...was born in Cotton Plant, Ark as Rosetta Nubin in 1915 where she grew up hearing her mother, Katie Bell Nubin, playing the Mandolin. As a four year old..."she stood on boxes playing a guitar only slightly smaller than herself singing "Jesus on the Main Line, Tell Him What You Want." While there was no doubt that she had an extraordinary voice - bright and clear, sonorous, warm, slightly brassy - and an easy delivery, she also knew at that tender age how to sing. Her pitch was solid; she knew the melody and could even add extra notes of her own. Her rhythm was as accented, syncopated and intricate as any of the blues singers 'in the bottoms'"
(HOW SWEET THE SOUND, by Horace Boyer, 1995. Pg. 154)
Rosetta was an incredible singer. But as she could sing, she was a phenomenal guitar player. She was one of the first to use the instrument as an instrument for melody-plucked lines. Her guitar playing was rich an intricate. With the exception of Memphis Minnie, no other woman gained the prominence that Rosetta Tharpe did prior to the 1930's playing the guitar.
While still a young child, Rosetta's mother began "preaching" (although women could not be referred to as "preachers" in the sanctified church.) She traveled from church to church spreading the gospel. "Her hook for drawing people to her services was 'Little Rosetta Nubin, the singing and guitar-playing miracle' " (Boyer, 1995)
In the late 1920's the Nubins moved to Chicago. Rosetta became saturated by the music that was all around her. She took every opportunity to perform. Be it jazz, blues or folk, she wanted to play. There was no doubt that she was greatly influenced by the blues singers and musicians she heard in Arkansas and the jazz that was everywhere in Chicago. But still, the church was her foundation and she continued 'singing the songs of Zion'.
Encouraged by friends, Rosetta soon moved to New York City. On October 31, 1938, she recorded four sides for Decca Records: Thomas Dorsey's " Hide Me In Thy Bosom," but with the title "Rock Me"; "That's All": "My Man and I"; and "Lonesome Road." This is the first time she was billed as "Sister Rosetta Tharpe". The first release was "Rock Me" and in addition to her guitar, she was backed by a full orchestra (Lucius "Lucky" Millinder jazz orchestra) (Boyer, '95).
Rosetta Tharpe would reach superstar status in New York City. This was a 'new' sound and a new singer. But she was not without controversy. Some of the more conservative listeners, especially in the south, did not like the idea of her recording with a full orchestra and developing a "worldy" sound. She responded to the protests by asking the recording company if she could record with just her guitar. Decca did not allow her to only use her guitar accompaniment, but agreed to have just a trio with piano, bass and drum, with Samuel "Sammie" Blythe Price, a boogie-woogie musician, on piano. They began touring together. With this tour she developed a unique sound that traveled across the nation.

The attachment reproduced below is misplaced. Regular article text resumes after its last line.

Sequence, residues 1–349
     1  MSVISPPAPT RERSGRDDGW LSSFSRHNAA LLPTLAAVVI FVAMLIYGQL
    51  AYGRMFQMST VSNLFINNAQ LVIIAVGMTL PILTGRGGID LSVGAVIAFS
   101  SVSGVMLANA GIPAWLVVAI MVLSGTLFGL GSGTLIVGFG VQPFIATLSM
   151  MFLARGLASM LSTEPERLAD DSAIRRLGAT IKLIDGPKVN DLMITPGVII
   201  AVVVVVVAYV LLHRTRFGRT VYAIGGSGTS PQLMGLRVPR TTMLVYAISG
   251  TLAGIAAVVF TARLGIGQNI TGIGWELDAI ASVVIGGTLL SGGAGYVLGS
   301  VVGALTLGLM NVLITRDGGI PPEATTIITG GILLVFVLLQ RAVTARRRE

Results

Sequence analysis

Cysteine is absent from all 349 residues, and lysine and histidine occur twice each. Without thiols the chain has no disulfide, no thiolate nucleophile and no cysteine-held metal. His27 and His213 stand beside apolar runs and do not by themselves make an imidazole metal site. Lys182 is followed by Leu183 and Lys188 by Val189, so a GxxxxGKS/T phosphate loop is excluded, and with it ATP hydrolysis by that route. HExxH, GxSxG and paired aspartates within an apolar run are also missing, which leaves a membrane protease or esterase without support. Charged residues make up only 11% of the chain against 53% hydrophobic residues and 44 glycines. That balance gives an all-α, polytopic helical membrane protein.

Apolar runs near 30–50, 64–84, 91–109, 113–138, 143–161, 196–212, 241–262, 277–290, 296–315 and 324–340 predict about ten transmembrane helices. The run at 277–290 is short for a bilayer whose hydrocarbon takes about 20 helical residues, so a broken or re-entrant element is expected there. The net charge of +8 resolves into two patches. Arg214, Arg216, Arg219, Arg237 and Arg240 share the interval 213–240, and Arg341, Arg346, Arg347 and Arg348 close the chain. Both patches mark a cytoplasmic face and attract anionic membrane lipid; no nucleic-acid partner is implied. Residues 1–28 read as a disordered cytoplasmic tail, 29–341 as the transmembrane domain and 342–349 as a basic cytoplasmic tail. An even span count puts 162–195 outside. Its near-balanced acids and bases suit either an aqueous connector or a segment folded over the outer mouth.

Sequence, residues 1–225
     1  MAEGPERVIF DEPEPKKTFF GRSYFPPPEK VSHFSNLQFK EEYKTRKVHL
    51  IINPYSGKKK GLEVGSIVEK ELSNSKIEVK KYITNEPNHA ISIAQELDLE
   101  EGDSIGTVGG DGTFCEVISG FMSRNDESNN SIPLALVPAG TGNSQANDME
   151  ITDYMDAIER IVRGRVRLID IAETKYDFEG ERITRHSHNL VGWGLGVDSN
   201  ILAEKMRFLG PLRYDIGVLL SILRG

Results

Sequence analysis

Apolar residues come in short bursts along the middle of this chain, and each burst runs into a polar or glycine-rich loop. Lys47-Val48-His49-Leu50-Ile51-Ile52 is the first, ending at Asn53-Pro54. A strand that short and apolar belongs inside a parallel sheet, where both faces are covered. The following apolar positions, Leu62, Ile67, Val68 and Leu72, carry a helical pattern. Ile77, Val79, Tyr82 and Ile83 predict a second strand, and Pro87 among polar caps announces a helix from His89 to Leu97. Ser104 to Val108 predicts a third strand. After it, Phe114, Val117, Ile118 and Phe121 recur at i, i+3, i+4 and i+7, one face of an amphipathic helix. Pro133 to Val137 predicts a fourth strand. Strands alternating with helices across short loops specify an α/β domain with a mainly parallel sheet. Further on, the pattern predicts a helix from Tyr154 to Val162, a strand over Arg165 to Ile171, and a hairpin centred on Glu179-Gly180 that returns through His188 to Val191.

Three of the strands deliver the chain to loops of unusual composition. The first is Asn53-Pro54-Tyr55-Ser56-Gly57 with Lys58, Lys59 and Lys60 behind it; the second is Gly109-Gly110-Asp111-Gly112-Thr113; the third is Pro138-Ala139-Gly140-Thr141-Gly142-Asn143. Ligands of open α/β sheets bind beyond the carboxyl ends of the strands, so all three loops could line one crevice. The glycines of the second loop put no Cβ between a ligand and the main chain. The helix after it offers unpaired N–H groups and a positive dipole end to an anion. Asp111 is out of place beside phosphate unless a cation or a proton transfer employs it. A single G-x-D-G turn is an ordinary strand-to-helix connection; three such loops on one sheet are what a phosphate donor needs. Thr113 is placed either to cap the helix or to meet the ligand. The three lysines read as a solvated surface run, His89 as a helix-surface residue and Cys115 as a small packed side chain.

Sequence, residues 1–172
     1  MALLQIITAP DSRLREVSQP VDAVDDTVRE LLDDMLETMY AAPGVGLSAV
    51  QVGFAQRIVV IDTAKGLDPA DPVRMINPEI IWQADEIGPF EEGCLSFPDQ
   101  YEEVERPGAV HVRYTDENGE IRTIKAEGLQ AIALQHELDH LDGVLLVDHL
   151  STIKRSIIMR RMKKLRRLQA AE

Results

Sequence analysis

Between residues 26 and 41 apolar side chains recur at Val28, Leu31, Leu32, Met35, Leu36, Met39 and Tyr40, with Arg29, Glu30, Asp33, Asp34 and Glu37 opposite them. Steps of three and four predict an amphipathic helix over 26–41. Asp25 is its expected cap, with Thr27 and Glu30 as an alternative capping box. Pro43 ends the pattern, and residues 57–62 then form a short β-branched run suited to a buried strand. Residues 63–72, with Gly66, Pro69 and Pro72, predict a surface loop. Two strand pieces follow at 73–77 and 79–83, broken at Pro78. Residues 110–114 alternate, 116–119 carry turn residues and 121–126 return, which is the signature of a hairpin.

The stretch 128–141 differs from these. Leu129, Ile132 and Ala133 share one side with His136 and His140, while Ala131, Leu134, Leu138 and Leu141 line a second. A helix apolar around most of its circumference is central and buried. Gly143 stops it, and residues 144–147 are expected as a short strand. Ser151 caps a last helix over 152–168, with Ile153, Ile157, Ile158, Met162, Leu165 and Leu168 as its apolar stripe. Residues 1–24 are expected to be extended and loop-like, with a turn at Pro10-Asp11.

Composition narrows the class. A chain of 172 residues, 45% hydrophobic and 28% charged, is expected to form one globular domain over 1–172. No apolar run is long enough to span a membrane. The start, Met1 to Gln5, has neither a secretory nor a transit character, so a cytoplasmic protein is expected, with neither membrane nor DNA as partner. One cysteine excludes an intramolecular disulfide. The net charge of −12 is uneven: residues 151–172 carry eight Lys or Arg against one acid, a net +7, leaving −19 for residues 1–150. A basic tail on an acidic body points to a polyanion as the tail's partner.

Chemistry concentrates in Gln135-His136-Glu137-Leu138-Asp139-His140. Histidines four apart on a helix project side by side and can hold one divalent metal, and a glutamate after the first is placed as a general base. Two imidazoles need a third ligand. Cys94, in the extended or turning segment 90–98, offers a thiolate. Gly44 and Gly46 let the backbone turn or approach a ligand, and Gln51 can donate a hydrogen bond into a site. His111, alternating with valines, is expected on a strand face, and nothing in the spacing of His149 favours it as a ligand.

The church folk still weren't happy. Rosetta's love for the music was the catalyst for her to perform one week with Cab Calloway and the next in the sanctified church. Despite the controversy, she was the biggest gospel star of that time period.
In 1951, she married Russell Morrison who was the former manager of the Ink Spots. The wedding was an extravaganza. The publicity of the wedding furthered her career and her music attained an even more "secular" sound. But as her music became more "worldly," such group as the Davis Sisters, Dorothy Love Coates and the Original Gospel Harmonettes became more popular with their traditional sound and concert presentation. (Boyer)
In 1970, she suffered a stroke that robbed her of the majority of her dexterity. She passed away in 1973.
As mentioned before, Sister Rosetta Tharpe's music has influenced so many musicians all over the world (A blues-l member mentioned that even Johnny Cash was influenced by her virtuosity). The only other gospel singer to rival her world-wide prominence was Mahalia Jackson.
As many of you know, my grandmother and Sister Tharpe were "fishing partners." It is a shame that I heard the stories in detail after my grandmother's passing five years ago. There is no doubt that her life and musical contributions should be detailed in a full-length book. I sincerely hope some of you fine writers out there choose this project.
FYI: If you would like to read a comprehensive and enjoyable history of African-American gospel music, please get your hands on a copy of HOW SWEET THE SOUND, written buy Dr. Horace Boyer with outstanding photography by Lloyd Yearwood. 1995 by Elliot & Clark Publishing.